The Germans presented a half-indoor, half-outdoor session covering their Snowboard Compass tool. (Sorry team, the link to the image is broken and I can’t find it while googling). They have a circular image with Slope, Race, Offpiste and Park on the edges; there’s another layer that further breaks these domains down, with things like SBX, Halfpipe, Groundtricks, etc…
The tool is designed to encourage instructors to think broadly about snowboarding and to remember to incorporate as many disciplines as possible into every lesson. On courses they go further and train their instructors to use the tool to view and select varying terrain. In the session I found the compass to be a good way to remind myself of types of riding I don’t often think about (like half-pipe) and how to view the terrain (not a half-pipe) with a more open and creative eye.
This feels very similar to how we encourage an open and global teaching approach in our own system. Good lessons aren’t limited to just one task or type of riding and often the cross-training of kinds of riding actually creates more improvement than not.
The spanish team presented an interesting session highlighting how breathing with purpose can enhance performance. They brought the theory over from their competition stream and were trying to develop how to implement the same principals in general teaching.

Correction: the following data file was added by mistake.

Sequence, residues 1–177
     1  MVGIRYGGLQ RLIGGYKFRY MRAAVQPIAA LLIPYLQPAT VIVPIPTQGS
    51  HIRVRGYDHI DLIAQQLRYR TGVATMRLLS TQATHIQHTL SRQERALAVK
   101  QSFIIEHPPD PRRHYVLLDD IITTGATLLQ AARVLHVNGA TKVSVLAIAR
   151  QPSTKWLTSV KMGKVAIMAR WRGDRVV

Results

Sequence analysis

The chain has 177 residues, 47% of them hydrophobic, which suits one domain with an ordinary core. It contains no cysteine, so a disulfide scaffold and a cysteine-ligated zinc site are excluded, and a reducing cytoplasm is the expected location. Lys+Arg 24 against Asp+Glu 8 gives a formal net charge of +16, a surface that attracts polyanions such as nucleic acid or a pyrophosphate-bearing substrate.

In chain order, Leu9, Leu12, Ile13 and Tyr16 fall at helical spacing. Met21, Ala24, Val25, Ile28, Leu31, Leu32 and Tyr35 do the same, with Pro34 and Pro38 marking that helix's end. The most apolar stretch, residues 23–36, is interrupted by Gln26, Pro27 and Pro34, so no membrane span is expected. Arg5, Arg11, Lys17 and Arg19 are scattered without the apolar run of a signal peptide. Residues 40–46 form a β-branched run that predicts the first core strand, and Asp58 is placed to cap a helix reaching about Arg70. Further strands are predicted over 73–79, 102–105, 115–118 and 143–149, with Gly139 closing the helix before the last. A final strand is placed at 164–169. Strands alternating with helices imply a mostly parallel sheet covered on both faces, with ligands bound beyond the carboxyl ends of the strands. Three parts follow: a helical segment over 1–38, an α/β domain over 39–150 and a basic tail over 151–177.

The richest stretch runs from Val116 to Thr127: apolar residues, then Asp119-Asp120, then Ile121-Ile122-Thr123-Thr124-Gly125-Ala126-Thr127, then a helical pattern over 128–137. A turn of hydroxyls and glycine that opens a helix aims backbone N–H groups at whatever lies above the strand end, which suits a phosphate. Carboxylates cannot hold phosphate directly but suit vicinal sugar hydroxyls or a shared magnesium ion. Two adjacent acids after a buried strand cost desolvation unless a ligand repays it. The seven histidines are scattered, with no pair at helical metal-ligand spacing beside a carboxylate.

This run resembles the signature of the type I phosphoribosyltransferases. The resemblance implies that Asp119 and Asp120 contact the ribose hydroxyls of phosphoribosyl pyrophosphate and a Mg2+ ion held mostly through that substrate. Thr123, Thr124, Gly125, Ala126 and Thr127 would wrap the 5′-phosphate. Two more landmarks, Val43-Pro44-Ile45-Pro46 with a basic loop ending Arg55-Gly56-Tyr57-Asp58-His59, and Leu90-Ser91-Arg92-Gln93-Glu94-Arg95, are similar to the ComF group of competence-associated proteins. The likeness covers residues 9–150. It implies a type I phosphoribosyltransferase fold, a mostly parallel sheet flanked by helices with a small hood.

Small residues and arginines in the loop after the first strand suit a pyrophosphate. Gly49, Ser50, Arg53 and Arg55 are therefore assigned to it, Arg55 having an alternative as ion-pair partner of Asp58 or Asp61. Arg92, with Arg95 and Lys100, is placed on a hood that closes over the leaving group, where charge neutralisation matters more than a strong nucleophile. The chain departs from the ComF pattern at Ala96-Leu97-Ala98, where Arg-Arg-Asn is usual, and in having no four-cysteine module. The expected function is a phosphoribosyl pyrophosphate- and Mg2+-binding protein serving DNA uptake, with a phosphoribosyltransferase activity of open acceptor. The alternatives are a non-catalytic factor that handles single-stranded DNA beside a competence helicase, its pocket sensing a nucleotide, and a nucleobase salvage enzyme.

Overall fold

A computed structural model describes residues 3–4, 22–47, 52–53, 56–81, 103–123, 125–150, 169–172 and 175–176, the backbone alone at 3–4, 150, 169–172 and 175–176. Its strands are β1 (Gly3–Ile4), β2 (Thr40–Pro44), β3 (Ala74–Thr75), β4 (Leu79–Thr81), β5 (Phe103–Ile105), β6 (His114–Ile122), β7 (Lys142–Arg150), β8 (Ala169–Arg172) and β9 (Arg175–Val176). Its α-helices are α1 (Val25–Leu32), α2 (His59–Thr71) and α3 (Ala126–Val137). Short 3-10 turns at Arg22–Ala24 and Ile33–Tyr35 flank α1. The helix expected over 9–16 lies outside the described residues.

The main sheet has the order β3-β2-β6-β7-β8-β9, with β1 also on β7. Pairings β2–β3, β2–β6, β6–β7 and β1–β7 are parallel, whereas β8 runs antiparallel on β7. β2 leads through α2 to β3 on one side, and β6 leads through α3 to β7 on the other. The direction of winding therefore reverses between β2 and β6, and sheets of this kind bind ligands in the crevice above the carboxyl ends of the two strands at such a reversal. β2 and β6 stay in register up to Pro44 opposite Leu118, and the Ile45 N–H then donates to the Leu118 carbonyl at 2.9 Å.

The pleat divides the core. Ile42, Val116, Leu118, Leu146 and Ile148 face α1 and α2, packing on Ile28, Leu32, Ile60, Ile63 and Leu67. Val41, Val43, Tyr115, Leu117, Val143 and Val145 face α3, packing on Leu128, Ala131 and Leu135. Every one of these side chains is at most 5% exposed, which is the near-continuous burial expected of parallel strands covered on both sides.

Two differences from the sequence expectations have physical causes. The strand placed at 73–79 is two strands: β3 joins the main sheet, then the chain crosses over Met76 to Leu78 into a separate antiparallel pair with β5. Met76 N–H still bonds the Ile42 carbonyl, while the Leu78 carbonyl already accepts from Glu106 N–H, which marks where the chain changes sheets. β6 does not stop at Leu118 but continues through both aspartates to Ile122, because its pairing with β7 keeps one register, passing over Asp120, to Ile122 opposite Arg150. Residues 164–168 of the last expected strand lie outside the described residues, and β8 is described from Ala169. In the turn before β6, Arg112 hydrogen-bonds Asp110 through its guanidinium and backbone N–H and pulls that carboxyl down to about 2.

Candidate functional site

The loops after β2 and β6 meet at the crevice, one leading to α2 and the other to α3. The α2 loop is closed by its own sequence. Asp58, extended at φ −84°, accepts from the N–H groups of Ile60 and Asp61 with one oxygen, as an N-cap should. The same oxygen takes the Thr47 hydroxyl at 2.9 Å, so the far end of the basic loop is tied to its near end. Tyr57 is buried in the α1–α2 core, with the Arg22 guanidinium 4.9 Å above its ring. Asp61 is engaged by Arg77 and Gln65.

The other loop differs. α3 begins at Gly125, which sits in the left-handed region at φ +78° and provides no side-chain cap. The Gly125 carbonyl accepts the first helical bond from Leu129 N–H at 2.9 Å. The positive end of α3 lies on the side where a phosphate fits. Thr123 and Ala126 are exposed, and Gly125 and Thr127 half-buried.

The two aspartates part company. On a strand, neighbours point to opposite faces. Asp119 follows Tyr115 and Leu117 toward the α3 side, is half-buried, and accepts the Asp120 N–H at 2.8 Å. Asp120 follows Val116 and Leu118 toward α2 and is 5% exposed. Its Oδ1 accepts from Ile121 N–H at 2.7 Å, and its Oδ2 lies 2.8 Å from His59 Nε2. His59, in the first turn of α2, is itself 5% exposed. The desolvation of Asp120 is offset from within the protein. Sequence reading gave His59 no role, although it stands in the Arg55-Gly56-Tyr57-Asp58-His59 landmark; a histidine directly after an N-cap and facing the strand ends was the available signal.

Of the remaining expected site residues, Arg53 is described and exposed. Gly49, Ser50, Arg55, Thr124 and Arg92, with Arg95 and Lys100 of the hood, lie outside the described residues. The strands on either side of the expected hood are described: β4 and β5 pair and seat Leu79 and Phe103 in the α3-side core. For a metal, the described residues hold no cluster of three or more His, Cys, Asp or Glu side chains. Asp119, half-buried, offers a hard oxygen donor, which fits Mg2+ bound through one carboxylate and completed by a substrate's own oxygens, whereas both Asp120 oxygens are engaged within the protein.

We started with an interesting exercise involving pinching or index finger and thumb together while either inhaling or exhaling. Someone would then try to pull the fingers apart. There was a noticeable difference in strength with one compared to the other; some people in the group had more strength while exhaling but most seemed to prefer inhaling.
We then tried to apply this to our snowboarding by coordinating our breathing with specific movements, parts of the turn and sets of turns. There is definitely some application for purposeful breathing in our snowboarding, but the Spaniards agreed that they had not worked out the most reliable techniques yet (the session was being used as a workshop to generate more ideas on the topic).
The first thing I learned about ski instruction in Germany is that there are multiple organisations that certify ski instructors in Germany. Today’s presentation was presented by snowboarders from the German Ski Association – Deutscher Skiverband (DSV), also attended by a snowboard representative from the German Ski Instructors Association – Deutsche Skilehrerverband (DSLV).
The German (DSV) model is elegant in its simplicity and usefulness as a descriptive and analysis tool.
3 Points to their Model of Movement:
1. Position — the Germans have a base athletic position they teach to beginners and new instructors, but very quickly their system emphasizes riders changing the position to be specific to personal preference and the task the rider wants to acccomplish.
Any position is suitable as long as it allows riders to accomplish their task; although they emphasized that most of their corrections when teaching come from position faults.